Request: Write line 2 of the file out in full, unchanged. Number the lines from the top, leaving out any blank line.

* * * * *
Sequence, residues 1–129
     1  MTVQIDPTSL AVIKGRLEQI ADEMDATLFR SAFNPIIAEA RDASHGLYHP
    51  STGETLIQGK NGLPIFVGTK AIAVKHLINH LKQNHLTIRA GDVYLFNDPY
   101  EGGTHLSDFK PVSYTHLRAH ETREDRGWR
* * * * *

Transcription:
     1  MTVQIDPTSL AVIKGRLEQI ADEMDATLFR SAFNPIIAEA RDASHGLYHP